For our project’s purposes, this answered the problem of georeferencing the original scans of historical Bombay and contemporary Mumbai which CRIT has collected (see the Map Inventory in the Appendix for a full listing of our geodata repository). This includes the original sheets of the Development Plan for Greater Mumbai 1981-2001 from which the Mumbai Freemap was originally traced, as well as historical maps of the city and region produced by the Survey of India in 1919, 1945, and 1965. Using the Freemap Warper, in future projects CRIT is planning to undertake georeferencing and warping of imagery when can then be traced/digitized and its database annotated directly in QGIS, thus avoiding use of AutoCAD altogether and eliminating proprietary software from our geodata workflow. We are also currently in development of web-based Map Digitizer and Gazetteer using the open source GIS package GeoServer to do distributed digitization and annotation on the web.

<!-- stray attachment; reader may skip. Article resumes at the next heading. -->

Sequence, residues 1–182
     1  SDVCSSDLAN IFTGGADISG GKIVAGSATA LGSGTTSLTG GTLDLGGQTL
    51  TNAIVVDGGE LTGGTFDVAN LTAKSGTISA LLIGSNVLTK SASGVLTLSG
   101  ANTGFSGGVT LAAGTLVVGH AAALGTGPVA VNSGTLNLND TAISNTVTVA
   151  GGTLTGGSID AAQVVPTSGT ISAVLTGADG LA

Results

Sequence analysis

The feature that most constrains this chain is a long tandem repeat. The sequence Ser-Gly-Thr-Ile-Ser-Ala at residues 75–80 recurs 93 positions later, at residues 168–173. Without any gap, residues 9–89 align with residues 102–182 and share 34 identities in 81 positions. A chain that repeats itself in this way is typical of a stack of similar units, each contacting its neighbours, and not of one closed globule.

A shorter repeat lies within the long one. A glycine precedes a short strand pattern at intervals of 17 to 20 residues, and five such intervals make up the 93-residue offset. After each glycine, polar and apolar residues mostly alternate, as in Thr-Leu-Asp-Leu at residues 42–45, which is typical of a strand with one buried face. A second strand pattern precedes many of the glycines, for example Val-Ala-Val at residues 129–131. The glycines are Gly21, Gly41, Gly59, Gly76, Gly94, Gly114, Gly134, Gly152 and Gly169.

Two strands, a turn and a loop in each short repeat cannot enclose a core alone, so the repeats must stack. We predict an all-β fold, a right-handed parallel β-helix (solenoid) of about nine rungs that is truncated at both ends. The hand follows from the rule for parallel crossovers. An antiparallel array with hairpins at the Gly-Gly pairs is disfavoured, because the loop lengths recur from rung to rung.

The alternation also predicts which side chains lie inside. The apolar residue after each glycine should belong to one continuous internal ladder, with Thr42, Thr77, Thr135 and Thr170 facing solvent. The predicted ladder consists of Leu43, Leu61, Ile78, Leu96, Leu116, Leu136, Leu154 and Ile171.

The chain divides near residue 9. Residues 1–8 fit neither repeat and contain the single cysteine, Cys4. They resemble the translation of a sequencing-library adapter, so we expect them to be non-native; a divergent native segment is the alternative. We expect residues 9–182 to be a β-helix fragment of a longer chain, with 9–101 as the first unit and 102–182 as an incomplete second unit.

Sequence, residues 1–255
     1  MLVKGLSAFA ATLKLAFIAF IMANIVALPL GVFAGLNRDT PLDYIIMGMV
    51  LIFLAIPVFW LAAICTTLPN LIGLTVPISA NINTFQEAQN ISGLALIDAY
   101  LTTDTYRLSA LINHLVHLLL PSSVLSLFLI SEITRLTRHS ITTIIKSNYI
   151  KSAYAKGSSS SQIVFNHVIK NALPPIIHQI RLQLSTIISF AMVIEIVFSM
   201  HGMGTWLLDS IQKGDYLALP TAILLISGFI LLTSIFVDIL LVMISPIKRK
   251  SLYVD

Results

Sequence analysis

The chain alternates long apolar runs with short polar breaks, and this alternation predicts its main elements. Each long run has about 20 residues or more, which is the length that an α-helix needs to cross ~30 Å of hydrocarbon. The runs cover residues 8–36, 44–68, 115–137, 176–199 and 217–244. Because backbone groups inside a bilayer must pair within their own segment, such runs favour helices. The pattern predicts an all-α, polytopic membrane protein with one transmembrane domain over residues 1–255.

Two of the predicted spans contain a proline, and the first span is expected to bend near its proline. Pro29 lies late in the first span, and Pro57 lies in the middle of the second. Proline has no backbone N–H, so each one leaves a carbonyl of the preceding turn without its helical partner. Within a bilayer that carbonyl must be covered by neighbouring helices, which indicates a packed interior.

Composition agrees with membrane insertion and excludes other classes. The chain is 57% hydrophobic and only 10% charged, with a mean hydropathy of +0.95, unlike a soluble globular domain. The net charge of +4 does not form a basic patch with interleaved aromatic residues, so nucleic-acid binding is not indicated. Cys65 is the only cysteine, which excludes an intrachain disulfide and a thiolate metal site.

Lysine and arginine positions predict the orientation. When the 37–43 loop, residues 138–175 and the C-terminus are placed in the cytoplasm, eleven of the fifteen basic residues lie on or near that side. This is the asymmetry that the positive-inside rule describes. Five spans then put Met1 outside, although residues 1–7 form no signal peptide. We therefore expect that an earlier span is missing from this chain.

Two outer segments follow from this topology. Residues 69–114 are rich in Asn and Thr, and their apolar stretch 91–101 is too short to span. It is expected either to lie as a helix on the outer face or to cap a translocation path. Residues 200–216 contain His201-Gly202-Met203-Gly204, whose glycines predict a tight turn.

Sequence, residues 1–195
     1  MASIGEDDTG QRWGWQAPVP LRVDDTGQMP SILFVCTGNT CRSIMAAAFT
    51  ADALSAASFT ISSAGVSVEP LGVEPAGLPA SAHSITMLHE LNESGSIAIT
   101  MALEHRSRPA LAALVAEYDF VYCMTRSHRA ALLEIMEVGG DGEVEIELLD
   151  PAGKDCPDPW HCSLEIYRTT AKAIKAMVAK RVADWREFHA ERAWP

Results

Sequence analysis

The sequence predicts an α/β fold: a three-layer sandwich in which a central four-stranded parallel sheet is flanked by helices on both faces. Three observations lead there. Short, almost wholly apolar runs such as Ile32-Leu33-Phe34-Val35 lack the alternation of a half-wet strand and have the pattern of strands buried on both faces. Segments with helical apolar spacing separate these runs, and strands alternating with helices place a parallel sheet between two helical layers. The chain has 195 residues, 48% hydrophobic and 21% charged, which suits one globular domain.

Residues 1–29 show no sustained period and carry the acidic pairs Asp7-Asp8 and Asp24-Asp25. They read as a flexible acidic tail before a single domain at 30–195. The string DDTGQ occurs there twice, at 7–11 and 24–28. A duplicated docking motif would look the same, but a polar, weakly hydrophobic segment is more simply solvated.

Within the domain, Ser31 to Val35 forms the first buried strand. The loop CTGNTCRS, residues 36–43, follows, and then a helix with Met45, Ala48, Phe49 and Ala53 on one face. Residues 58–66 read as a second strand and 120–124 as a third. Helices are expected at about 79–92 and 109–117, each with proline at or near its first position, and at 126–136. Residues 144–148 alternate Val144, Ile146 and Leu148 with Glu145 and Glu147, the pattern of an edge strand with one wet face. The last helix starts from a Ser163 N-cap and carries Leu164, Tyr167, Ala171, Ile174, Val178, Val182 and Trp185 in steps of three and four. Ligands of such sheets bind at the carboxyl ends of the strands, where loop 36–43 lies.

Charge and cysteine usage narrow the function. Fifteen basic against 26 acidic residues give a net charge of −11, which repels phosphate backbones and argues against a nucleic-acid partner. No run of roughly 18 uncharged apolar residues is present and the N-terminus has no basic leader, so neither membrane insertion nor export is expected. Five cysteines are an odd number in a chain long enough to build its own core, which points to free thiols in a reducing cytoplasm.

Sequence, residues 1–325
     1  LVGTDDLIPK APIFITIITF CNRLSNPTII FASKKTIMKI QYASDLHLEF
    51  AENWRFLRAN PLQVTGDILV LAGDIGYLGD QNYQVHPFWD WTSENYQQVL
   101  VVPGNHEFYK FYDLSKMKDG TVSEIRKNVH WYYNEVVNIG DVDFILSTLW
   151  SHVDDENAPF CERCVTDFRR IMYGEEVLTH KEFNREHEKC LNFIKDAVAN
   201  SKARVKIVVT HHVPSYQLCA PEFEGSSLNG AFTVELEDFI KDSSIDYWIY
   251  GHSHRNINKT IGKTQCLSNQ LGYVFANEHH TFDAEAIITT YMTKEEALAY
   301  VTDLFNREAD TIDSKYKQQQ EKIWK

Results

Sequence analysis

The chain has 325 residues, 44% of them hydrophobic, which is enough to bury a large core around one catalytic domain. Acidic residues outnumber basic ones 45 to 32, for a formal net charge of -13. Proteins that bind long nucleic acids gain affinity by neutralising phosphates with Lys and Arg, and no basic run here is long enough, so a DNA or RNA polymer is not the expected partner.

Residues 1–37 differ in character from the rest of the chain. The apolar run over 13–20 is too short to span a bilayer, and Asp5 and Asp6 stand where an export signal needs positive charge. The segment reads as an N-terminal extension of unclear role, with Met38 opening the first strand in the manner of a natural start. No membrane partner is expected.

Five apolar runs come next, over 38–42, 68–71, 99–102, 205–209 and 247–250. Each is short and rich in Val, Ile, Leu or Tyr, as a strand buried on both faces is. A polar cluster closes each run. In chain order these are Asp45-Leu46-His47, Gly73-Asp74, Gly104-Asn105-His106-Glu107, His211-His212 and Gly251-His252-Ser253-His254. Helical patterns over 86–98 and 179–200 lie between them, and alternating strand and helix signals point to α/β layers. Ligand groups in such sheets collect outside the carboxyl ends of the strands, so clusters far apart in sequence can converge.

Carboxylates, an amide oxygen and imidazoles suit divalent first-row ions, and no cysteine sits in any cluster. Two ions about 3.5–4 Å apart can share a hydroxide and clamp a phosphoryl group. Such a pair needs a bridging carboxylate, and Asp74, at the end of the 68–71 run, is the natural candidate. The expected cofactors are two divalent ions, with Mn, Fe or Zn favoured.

OpenStreetMap Development

As mentioned in the Fulfilment of Objectives (above), with the emergence of OpenStreetMap at the same time as our project, we were increasingly convinced that OSM should become the final repository of our datasets, as it would relieve us of the burden of maintaining our own server infrastructure to host our base maps. More importantly, the growing OSM community of volunteer map-makers fit well with our founding vision of free and community data combined with free and open source software – and as OSM has grown, its own data formats and map rendering tools have become open and subject to development.

Given the outstanding coverage of the Mumbai Freemap and the level of detail it represented, there had been a longstanding desire to contribute to OSM – especially given the inaccurate and largely nonexistent coverage of the MMR in OSM right now. Therefore in early 2008, we decided to dedicate the project’s resources to assisting the OSM community in two main areas – developing tools for importing and loading geodata to and from OSM and localization of OSM rendering into Indian languages (to meet one of the key objectives of our original project).